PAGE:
There are several areas that pose a risk for the workers, and the real estate domain, as rewarding, challenging and beautiful as it may be, comes with its share of potential jeopardy. Real Agent Guard comes as a useful tool to help both employers (real estate agencies) and family to keep an eye on their agents/loved ones while showing a property.
Now, as an important mention from the beginning, this is not a free “tool”. However, the app comes at a reasonable price: for real estate agencies the price is around $1/agent/month and for families/friends is $4.99/month (soon to be released, according to the official website). But why should this app be on your radar?
Real Agent Guard App can be easily downloaded by any real estate professional (and it’s free). Once the setup is complete, the agent will see the three main safety features: Panic Button, Failsafe PIN, and a Bailout Button. The Panic Button, as you may imagine, calls 911 if pressed for three second (alerts are also sent to the Monitors); the Failsafe PIN can be introduced by the user to sent and alert to Monitors (which are trained to call the law enforcement for help), but the phone and app acts like everything is notmal (no warning to the aggressor); finally, if pressed for three seconds, the Bailout Button allows the agent to call any designated person. The Real Agent Guard mobile app for Monitors is aimed at helping them to find out instantly when a realtor is in trouble and take the proper measures.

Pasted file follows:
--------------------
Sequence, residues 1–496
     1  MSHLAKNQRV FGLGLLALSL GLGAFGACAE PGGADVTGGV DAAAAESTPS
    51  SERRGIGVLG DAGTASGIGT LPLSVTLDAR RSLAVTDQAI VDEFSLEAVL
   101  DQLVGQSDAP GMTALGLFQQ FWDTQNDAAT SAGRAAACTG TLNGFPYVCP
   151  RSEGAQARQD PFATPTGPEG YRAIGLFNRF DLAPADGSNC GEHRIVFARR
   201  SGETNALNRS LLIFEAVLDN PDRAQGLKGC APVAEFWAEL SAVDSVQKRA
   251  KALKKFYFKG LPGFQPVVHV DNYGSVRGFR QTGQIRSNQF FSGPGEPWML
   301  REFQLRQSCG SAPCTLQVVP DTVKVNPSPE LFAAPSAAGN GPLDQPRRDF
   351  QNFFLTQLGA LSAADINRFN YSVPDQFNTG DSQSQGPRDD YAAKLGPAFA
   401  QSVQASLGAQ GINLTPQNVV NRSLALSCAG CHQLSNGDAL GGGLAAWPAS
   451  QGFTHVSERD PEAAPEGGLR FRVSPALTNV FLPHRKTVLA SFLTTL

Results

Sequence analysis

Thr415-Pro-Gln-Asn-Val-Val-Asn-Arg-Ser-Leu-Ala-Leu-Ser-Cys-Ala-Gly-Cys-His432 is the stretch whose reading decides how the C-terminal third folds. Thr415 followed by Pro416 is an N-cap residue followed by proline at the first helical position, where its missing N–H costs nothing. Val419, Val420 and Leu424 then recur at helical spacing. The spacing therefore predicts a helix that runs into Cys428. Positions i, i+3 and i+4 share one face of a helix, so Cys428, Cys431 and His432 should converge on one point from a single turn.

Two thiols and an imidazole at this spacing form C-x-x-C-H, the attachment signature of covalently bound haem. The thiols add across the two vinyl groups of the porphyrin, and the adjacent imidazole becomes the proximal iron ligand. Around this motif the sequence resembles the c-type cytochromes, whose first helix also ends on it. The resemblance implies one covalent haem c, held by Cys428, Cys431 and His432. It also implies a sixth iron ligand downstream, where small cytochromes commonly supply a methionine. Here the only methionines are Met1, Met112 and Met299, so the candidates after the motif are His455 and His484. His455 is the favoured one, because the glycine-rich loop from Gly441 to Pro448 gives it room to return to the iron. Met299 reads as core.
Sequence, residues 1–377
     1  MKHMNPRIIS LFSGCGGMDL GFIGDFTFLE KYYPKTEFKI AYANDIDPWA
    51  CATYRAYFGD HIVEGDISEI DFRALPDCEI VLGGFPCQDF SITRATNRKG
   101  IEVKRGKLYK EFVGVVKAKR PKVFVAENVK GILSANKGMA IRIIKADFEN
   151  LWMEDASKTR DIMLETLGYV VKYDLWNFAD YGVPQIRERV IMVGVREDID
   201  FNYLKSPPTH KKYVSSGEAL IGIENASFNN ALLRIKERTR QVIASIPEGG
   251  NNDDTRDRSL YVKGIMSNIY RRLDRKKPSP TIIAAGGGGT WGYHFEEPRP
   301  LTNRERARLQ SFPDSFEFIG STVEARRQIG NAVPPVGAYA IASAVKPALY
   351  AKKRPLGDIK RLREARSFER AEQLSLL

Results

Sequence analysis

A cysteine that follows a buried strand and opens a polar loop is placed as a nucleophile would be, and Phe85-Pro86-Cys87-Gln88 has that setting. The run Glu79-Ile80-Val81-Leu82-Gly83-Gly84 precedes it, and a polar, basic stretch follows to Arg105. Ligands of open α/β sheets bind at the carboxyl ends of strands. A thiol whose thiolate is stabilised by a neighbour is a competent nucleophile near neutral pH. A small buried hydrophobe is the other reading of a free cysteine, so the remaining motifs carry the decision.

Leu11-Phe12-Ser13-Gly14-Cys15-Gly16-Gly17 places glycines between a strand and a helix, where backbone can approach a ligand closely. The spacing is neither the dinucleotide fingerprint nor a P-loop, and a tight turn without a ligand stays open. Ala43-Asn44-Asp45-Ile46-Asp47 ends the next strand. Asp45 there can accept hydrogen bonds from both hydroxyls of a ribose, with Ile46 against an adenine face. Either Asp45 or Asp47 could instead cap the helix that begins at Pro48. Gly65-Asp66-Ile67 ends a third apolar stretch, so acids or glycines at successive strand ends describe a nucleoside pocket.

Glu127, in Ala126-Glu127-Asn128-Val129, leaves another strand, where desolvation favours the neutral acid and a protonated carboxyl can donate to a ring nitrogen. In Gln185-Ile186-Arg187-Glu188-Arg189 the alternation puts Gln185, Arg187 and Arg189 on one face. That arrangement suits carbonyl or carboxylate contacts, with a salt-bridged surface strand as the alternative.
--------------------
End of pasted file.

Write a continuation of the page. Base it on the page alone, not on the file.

Real Agent Guard also provides an Open House Video Monitoring option which basically transforms a tablet (even a tablet) in a live video-camera. The agent has to log-in and launch the video monitor (and allow access to the web cam) and that’s all. If anything goes wrong, measures can be taken in no time. This option comes at a $19.99/month/agency, regardless of the number of agents.
As a side note, the company recommend all real estate professional who use Real Agent Guard to add some watermarks on their social media profiles, even on printed material so that anyone with a bad intention to know that that agent is monitored and to decrease the risk of anything bad happening.
Before any property showing, the real estate agents are encouraged to take photos of the people they are meeting and to upload them into the app (car number, face) to be used in case of emergencies. Also, before the showings, realtors start a countdown timer (they set the length of that timer and they can also change it at any time and are the only ones who can stop it with a personal PIN.) Apparently the timer remains on even if the phone is turned off or destroyed and, if not stopped by the agent, sends an alert to Monitors letting them know that something is wrong.
Now, though I agree that taking a photo of the car and of the people a real estate professional meets is not exactly the best way to start a property showing and gain trust, I do believe that such an app can be useful for all the parties. It’s definitely a tool that you want it to be there, just in case, but hope to never use it! No one wants to be in danger, but going alone to meetings, not knowing anything about the people you are about to meet is risky. No one wants trouble, but when trouble finds you, you should definitely have some safety measures in place.
Real Agent Guard received $250,000 in funding from XCelerate Capital and recently announced in a press release a new personal security system and that The Northwest Arkansas Board of Realtors is the first Realtor association in the country to adopt and pay for the security app for all 1,800 members.